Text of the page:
Does the pond pump recirculate all the water or just like the top half?


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Seems like a dumb question but, I have looked everywhere and haven't found an answer for this, does all my water get pumped through my skimmer and filter or just like the top water? Thanks :)
 
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j.w

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@Zuke It's gonna suck all the water through eventually due to the circulation of the water throughout the pond but only the stuff that is floating on top will end up in the skimmer. Maybe someone else has a more scientific way to explain it to ya.
 
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View attachment 122841@Zuke It's gonna suck all the water through eventually due to the circulation of the water throughout the pond but only the stuff that is floating on top will end up in the skimmer. Maybe someone else has a more scientific way to explain it to ya.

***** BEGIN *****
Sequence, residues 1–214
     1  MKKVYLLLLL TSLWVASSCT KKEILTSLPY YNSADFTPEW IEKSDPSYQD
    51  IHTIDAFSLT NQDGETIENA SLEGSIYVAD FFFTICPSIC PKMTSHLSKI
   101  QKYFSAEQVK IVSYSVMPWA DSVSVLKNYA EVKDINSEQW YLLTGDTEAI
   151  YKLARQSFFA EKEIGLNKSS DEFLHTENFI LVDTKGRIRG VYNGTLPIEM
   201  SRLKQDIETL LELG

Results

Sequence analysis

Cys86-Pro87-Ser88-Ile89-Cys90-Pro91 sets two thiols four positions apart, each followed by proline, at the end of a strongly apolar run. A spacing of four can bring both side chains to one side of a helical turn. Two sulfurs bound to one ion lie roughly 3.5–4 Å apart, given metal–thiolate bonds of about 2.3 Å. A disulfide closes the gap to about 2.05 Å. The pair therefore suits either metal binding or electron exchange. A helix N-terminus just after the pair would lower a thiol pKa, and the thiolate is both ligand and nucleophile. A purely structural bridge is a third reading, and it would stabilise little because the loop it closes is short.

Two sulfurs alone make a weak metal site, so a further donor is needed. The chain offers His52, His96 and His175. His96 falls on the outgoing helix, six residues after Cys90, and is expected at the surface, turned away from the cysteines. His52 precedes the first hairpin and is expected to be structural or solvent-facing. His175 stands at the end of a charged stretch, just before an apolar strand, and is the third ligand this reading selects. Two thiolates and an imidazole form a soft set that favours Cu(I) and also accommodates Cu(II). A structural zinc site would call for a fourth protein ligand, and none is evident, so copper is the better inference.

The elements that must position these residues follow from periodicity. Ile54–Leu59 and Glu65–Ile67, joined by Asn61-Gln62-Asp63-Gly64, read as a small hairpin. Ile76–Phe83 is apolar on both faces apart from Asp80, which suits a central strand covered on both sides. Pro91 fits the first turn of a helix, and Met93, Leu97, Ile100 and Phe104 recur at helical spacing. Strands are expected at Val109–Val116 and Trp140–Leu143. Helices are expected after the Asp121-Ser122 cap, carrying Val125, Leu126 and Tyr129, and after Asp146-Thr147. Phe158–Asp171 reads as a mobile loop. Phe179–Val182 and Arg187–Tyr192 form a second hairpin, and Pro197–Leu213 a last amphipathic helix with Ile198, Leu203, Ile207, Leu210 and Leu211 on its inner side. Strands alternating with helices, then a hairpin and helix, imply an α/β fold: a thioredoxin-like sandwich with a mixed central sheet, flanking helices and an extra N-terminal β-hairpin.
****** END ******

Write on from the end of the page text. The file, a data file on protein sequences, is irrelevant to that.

@j.w Thanks :) What do you mean that just the the the stuff floating on the top will end up in the skimmer? The stuff at the bottom won't get sucked up? Or just the floating stuff will get caught in the filter and not the tiny stuff in the water, sorry I am a bit of a newbie
 
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Welcome @Zuke !

Where's your pump? In the skimmer? In the pond? External?

What @j.w means is the debris that floats on the pond will get "skimmed" off by the water getting pulled to the skimmer (if you have one) and the pump is housed in the skimmer. If your pump is on the bottom of the pond (or drawing from the bottom if it's external) then more of the debris from the bottom would get drawn to the pump, which may not be a good thing. Most people use some kind of pre-filter to keep an in-pond pump from getting clogged with debris. Fine debris that passes through the pump would get caught in your mechanical filtration (filter pads generally) in your waterfall box. But again - much of this depends on your individual pond set up. Share more about your pond and the answers can be more specific to your situation!